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In Hamlet, by William Shakespeare, the relationships between the characters in Act One, scene three (with Polonius, Laertes and Ophelia) follow social and familial confines.
In terms of family, the men rule Ophelia's life. This is a society where women are at the mercy of the men in their lives: fathers, husbands, brothers, etc. Polonius as the senior member of the family provides guidance for son and daughter. Laertes, as a male, can also exert control over his sister. Ophelia is left with no options other than to follow the dictates of the male members of her family. She is, more than anything, a commodity or piece of property. The only thing she has of value, according to society—vocalized by her brother—is her untainted virginity.
In terms of the family, the guidelines are very similar. Polonius has authority over both children; Laertes has authority over his sister; and, Ophelia has no power at all.
Polonius' relationship is to Laertes is shown as he provides lengthy advice to his son prior to his departure. (Ironically, Polonius gives excellent advice but fails to follow it himself.) Perhaps the best piece of advice he provides is:
This above all: to thine own self be true,
And it must follow, as the night the day,
Thou canst not then be false to any man. (I.iii.82-84)
Polonius, as the father and senior male, is one with the authority to give direction to his son. Had Polonius followed this advice, he would most probably have avoided not only his own death, but prevented his son's and daughter's deaths as well.
Laertes' relationship to his father is seen in his response to his dad's advice. Laertes responds with appropriate respect.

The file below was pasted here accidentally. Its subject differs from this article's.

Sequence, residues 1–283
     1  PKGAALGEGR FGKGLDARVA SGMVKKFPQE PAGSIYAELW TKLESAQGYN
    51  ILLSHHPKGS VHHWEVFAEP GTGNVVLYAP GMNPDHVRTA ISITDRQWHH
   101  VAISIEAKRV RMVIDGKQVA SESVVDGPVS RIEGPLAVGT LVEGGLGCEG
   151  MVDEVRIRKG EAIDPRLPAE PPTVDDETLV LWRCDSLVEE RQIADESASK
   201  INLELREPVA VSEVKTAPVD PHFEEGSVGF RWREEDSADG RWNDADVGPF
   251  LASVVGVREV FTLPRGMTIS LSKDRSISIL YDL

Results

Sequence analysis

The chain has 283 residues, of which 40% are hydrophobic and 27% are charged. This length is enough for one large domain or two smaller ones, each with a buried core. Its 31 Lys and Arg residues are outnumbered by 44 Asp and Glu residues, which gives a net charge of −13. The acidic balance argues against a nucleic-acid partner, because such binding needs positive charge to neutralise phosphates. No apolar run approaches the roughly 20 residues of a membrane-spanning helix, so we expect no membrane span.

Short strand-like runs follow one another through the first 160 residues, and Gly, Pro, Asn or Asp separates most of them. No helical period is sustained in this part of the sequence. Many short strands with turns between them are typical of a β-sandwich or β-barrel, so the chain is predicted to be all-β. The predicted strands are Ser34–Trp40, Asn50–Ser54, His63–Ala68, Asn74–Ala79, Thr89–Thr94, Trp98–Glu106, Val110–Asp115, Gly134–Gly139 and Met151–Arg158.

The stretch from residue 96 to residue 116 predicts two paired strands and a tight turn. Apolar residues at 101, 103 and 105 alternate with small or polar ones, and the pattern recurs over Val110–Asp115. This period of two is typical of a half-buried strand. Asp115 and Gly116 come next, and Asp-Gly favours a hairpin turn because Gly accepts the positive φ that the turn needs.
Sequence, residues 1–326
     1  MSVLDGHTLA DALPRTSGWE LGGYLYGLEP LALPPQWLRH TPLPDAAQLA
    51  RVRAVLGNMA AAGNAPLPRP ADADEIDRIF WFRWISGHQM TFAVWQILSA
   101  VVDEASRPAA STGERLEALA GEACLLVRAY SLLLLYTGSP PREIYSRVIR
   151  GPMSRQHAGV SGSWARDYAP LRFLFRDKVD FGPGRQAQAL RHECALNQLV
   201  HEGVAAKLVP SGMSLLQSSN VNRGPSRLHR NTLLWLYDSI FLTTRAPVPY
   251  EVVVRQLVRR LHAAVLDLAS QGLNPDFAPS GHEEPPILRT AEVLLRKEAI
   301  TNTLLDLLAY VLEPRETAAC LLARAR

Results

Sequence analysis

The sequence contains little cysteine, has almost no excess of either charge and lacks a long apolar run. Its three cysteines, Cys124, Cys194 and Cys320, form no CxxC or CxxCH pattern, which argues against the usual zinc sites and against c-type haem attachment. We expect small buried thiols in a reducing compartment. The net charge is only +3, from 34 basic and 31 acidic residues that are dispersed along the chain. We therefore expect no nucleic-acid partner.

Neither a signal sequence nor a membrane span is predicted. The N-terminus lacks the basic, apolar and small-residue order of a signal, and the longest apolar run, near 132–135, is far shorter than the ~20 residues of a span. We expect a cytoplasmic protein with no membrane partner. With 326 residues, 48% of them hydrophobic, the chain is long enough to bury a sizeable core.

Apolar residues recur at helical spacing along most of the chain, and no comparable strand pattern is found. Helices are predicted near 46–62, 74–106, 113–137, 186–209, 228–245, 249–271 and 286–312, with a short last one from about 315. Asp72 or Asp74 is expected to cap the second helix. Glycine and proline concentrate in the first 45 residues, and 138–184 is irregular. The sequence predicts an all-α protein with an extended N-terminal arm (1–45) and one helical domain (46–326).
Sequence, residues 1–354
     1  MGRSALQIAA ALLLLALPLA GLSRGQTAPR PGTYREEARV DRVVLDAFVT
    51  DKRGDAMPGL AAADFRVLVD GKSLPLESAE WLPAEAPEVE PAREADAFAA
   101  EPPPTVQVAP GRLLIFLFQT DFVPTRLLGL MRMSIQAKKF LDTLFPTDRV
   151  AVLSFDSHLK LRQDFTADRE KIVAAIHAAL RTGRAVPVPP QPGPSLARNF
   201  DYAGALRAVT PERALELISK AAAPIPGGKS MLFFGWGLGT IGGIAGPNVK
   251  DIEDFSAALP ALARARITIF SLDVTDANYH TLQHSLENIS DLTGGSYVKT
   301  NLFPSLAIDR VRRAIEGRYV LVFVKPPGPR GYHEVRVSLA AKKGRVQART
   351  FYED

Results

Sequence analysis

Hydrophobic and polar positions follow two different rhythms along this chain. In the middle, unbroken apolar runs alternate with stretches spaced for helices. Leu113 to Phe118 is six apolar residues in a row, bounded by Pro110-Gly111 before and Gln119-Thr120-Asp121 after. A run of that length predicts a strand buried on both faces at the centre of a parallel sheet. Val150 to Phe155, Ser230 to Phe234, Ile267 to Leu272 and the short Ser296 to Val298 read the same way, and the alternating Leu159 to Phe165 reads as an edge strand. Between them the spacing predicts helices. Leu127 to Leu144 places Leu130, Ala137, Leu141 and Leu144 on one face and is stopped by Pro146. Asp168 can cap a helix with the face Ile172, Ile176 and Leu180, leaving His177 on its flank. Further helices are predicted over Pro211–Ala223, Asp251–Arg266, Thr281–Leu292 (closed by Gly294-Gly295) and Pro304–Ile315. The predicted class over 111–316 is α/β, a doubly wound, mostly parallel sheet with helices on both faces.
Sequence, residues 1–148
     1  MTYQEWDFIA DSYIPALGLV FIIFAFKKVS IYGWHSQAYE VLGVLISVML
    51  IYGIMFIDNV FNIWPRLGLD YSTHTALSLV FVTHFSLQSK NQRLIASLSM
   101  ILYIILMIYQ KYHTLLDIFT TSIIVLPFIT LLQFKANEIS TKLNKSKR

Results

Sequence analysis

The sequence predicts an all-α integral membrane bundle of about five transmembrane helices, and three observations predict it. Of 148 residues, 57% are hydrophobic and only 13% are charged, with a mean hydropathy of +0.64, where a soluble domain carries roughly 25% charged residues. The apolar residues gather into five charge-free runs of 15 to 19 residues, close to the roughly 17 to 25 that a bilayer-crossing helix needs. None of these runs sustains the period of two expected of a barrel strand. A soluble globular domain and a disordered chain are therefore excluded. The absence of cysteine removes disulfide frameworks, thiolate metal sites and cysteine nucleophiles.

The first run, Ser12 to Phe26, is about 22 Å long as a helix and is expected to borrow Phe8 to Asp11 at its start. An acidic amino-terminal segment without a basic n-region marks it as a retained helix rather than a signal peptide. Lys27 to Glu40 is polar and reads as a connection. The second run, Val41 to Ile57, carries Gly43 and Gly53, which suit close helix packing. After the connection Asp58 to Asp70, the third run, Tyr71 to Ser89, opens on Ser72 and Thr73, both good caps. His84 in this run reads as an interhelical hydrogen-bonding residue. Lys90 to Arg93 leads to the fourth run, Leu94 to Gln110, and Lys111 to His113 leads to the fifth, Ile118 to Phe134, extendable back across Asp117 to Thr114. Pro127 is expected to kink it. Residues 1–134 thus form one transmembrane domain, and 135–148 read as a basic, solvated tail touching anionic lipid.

Most humbly do I take my leave, my lord. (I.iii.86)
Women during this time had no rights. First Laertes, as an older brother, warns his sister to avoid Hamlet because he only wants to lure her to bed: he will never be able to marry her because of their different social status, so Laertes tells Ophelia to guard her virtue (virginity) well.
...weigh what loss your honour may sustain
If with too credent ear you list his songs,
Or lose your heart, or your chaste treasure open
To his unmast'red importunity.
Fear it, Ophelia, fear it, my dear sister,
And keep you in the rear of your affection,
Out of the shot and danger of desire. (I.iii.32-38)
Ironically, Ophelia reminds her brother that chaste behavior is demanded of him as well. This is something she might only be able to say to her brother. It shows that she has spirit, though the actions of the men around her will eventually take their toll and break her.
Ophelia must also listen to her Polonius' advice, as a father and man. He echoes Laertes' advice, but also draws Ophelia into the deceit he and Claudius use to attempt to ensnare Hamlet, to discover his motivations. Although Polonius and Claudius have different reasons for their use of Ophelia, her power is non-existent in both cases, in face of parent and King, and men, in general.
Polonius reiterates Laertes' advice, cautioning Ophelia to behave with Hamlet or she will lose her virginity, making Polonius look like a fool. Neither brother or father have any real concern for Ophelia's feelings.
Think yourself a baby,
That you have ta'en these tenders for true pay,
Which are not sterling. Tender yourself more dearly,
Or—not to crack the wind of the poor phrase,
Running it thus—you'll tender me a fool.
The relationships are based on family relationships and societal expectations.
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